A museum was established and every available opportunity taken to promote Seymour’s colourful past. The Army was persuaded to bring its ceremonies into the town, the Armoured Corps having special historic interests going back to the Light Horse days.
The clinical workload increased between 1966 and 1972, and Dr Heffernan left to further his career. Colin was obliged to gradually cease his obstetrics and most procedural work. The dentist also moved next door to accommodate an enlarging practice. It was still impossible to recruit Australian medical graduates, but Margaret and Dr Dorothy Campbell (an old friend and previous assistant) gave part-time help. A Welshman joined the other practice, so things were never as bad as they had been.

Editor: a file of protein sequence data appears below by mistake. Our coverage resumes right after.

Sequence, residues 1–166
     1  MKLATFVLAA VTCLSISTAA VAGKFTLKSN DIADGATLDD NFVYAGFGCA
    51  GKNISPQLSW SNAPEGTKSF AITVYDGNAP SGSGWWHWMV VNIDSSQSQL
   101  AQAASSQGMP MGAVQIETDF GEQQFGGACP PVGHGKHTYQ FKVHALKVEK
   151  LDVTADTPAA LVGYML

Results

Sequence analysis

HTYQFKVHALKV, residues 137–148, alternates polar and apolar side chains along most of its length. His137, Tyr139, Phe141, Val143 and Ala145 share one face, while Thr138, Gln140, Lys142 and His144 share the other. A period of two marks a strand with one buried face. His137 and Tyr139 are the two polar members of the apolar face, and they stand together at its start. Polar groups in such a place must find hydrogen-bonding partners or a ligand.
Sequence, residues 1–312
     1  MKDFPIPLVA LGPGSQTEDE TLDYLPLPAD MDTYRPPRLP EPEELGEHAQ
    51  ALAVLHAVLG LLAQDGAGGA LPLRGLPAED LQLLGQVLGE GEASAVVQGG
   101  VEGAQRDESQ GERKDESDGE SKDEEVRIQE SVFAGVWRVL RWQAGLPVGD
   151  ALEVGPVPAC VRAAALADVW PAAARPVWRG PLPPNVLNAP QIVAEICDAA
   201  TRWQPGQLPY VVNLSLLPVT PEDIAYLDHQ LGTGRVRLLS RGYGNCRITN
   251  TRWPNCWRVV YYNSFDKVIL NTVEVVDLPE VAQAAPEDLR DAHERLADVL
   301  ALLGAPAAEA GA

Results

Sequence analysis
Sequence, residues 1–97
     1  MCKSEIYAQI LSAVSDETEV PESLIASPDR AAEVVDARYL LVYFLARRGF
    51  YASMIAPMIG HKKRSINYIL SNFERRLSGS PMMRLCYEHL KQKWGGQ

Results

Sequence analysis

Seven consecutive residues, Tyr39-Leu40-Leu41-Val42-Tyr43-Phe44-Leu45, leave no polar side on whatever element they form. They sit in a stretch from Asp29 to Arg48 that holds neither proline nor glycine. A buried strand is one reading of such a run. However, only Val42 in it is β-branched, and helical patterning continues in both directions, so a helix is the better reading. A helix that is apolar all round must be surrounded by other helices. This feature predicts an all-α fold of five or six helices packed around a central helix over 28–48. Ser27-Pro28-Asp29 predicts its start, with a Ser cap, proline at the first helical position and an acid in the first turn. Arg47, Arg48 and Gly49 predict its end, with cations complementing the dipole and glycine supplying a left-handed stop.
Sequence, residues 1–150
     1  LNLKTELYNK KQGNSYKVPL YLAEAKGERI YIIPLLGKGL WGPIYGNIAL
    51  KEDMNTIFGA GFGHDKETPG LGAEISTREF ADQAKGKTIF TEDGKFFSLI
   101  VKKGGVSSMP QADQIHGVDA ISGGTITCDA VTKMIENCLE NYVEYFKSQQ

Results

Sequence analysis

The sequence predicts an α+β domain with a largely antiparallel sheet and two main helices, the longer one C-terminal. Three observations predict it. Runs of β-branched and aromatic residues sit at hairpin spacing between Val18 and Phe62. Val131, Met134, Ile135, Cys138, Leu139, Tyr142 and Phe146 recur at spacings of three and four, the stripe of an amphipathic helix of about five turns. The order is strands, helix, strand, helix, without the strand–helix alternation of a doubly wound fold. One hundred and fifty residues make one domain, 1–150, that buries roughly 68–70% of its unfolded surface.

Colin was fully convinced of the value of community nurses, paramedical people, welfare officers and better educated lay people to the delivery of general practice care, but frustrated by slow community progress towards the ideal.
Later on he served a year on the Broadford Community and was appalled by the bureaucracy and stingy funding. He supplied rooms to both an optometrist and a podiatrist, and was much cheered by the company of welfare officer Vernon Collins after Margaret’s death.
While pondering on Seymour Hospital’s future in an era of specialisation, he was approached in 1982 by a Dr Simmelman who wanted to invest $30000 in establishing a branch pathology laboratory service there but had been repulsed.
Finally convincing all three colleagues, he led a political campaign to achieve this objective, which with nurse couriers would serve a region from Kilmore to Nagambie and beyond.